Fiction With Purpose Romantic Wild Huntress, The (MobiPocket Edition)

Wild Huntress, The (MobiPocket Edition)

Wild Huntress, The (MobiPocket Edition)
Catalog # SKU3435
Publisher TGS Publishing
Weight 1.00 lbs
Author Name Captain Mayne Reid
ISBN 10: 0000000000
ISBN 13: 0000000000000
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Wild Huntress

Electronic Edition for
MobiPocket Readers

Captain Mayne Reid

The white-headed eagle, soaring above the spray of a Tennessean forest, looks down upon the clearing of the squatter. To the eye of the bird it is alone visible; and though but a spot in the midst of that immense green sea, it is conspicuous by the colour of the trees that stand over it.

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They stand, but grow not: the girdling ring around their stems has deprived them of their sap; the ivory bill of the log-cock has stripped them of their bark; their leaves and twigs have long since disappeared; and only the trunks and greater branches remain, like blanched skeletons, with arms upstretched to heaven, as if mutely appealing for vengeance against their destroyer.

The squatter's clearing, still thus encumbered, is a mere vistal opening in the woods, from which only the underwood has been removed. The more slender saplings have been cut down or rooted up; the tangle of parasitical plants have been torn from the trees; the cane-brake has been fired; and the brush, collected in heaps, has melted away upon the blazing pile. Only a few stumps of inferior thickness give evidence, that some little labour has been performed by the axe.

Even thus the clearing is a mere patch-scarcely two acres in extent-and the rude rail-fence, that zig-zags around it, attests that the owner is satisfied with the dimensions of his agricultural domain. There are no recent marks of the axe-not even the "girdling" of a tree-nothing to show that another rood is required. The squatter is essentially a hunter; and hates the sight of an extensive clearing-as he would the labour of making one. The virgin forest is his domain, and he is not the man to rob it of its primeval charms. The sound of the lumberer's axe, cheerful to the lonely traveller, has no music for his ear: it is to him a note of evil augury-a knell of dread import. It is not often that he hears it: he dwells beyond the circle of its echoes. His nearest neighbour-a squatter like himself-lives at least a mile off; and the most proximate "settlement" is six times that distance from the spot he has chosen for his cabin. The smoke of his chimney mingles with that of no other: its tall column ascends to heaven solitary as the squatter himself.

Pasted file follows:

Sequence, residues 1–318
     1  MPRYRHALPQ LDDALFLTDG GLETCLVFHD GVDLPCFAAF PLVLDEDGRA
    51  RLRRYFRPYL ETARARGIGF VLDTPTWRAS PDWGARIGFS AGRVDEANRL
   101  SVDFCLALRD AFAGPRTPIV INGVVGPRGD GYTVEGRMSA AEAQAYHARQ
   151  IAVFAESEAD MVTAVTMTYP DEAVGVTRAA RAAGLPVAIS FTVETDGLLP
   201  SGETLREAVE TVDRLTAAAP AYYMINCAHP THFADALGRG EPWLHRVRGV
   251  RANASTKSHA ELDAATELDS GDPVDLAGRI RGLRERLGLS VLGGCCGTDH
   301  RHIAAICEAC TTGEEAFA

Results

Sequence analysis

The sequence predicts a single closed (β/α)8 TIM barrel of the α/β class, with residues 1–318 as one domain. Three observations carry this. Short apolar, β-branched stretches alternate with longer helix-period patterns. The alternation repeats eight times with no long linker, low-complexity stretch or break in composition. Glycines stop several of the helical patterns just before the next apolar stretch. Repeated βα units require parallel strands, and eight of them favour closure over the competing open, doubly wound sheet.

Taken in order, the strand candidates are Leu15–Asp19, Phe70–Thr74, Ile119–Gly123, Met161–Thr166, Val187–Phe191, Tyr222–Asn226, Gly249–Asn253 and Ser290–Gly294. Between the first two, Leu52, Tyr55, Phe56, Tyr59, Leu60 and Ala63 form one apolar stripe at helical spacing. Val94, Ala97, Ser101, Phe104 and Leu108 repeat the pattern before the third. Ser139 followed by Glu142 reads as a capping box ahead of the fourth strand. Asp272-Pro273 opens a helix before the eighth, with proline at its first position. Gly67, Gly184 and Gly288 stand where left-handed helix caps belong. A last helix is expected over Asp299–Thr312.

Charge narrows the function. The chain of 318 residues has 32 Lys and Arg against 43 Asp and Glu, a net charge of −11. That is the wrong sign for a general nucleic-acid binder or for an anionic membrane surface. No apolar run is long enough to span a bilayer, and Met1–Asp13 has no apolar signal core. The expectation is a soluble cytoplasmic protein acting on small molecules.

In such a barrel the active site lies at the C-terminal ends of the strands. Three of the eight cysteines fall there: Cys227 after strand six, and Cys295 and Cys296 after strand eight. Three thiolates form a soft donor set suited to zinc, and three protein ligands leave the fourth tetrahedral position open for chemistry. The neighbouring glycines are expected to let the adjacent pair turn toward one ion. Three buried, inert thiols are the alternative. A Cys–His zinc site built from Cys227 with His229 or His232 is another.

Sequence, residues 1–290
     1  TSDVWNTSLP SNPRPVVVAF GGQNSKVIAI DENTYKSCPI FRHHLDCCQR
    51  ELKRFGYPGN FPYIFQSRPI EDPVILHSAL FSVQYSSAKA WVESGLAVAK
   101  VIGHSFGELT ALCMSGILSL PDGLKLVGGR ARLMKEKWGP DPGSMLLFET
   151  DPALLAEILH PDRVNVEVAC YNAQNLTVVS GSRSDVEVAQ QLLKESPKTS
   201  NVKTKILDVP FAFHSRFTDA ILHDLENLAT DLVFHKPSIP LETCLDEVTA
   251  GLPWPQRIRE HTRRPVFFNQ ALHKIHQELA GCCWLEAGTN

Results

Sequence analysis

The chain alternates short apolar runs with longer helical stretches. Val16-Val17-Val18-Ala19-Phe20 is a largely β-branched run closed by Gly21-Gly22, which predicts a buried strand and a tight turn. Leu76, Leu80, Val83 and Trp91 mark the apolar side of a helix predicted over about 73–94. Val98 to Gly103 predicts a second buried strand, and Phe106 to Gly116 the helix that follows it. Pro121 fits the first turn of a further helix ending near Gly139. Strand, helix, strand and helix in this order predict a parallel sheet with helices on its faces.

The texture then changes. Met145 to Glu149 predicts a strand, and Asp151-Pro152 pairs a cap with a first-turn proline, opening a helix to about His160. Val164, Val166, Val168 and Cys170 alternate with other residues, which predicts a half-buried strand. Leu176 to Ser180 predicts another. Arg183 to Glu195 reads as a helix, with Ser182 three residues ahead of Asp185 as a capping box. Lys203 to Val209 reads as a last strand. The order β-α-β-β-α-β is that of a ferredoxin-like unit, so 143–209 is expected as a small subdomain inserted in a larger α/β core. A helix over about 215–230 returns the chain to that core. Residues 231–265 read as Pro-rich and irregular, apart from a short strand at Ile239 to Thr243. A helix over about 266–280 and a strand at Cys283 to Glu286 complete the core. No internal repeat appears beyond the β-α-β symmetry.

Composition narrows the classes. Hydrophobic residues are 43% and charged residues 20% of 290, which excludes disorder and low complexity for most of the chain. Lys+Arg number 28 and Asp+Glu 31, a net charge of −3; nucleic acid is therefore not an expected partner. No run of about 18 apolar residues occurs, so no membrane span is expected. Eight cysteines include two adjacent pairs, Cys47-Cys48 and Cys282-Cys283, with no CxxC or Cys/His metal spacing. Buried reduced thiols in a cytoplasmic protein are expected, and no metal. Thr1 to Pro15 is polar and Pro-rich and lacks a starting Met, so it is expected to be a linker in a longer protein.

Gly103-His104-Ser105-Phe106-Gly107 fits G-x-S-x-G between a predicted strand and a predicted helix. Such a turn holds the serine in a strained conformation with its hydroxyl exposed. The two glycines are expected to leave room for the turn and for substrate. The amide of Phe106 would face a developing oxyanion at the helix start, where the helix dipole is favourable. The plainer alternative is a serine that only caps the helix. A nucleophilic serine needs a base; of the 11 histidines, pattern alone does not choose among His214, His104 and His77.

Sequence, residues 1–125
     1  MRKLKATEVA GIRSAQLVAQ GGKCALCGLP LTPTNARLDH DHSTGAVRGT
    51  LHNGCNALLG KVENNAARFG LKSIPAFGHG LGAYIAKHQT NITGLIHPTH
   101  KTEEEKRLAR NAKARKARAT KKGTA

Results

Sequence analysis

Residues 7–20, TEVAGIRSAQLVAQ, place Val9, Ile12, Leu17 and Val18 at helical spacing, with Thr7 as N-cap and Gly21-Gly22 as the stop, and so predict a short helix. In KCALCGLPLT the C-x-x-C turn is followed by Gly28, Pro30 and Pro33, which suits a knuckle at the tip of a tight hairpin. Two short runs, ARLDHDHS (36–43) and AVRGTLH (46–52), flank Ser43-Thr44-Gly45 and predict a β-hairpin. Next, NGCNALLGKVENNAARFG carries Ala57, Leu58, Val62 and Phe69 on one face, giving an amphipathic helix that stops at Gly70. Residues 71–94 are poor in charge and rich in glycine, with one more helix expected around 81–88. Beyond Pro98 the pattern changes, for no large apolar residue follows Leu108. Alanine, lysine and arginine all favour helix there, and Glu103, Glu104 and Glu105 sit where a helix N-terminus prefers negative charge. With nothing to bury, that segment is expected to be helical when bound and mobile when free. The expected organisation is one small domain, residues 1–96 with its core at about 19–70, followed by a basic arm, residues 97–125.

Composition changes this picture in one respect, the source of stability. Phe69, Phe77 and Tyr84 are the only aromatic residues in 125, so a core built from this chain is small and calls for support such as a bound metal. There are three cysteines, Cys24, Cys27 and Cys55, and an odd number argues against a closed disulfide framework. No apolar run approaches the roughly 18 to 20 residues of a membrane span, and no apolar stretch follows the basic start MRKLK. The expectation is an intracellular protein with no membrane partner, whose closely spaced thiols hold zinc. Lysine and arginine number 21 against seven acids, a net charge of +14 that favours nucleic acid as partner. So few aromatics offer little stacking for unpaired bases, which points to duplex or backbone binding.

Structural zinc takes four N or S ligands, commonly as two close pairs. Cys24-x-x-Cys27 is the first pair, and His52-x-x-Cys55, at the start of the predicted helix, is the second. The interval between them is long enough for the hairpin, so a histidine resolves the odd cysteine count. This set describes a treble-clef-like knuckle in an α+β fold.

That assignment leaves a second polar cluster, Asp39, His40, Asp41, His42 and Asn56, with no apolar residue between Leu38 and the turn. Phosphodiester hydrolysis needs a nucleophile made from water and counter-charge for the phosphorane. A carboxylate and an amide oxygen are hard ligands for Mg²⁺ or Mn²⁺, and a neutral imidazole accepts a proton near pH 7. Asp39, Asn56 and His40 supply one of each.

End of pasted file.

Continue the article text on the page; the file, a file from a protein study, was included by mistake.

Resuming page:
The clearing is of an irregular semi-circular shape-a deep narrow stream forming the chord, and afterwards cleaving its way through the otherwise unbroken forest. In the convexity of the arc, at that point most remote from the water, stands the cabin-a log "shanty" with "clapboard" roof-on one side flanked by a rude horse-shed, on the other by a corn-crib of split rails.